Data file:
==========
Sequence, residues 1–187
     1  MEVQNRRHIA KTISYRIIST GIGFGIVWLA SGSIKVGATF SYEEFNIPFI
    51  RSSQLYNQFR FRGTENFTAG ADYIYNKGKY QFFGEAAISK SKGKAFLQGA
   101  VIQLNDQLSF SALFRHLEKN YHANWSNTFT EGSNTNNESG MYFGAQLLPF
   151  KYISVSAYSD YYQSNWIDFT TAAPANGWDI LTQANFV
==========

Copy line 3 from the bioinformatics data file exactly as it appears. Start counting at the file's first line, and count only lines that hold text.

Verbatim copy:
    51  RSSQLYNQFR FRGTENFTAG ADYIYNKGKY QFFGEAAISK SKGKAFLQGA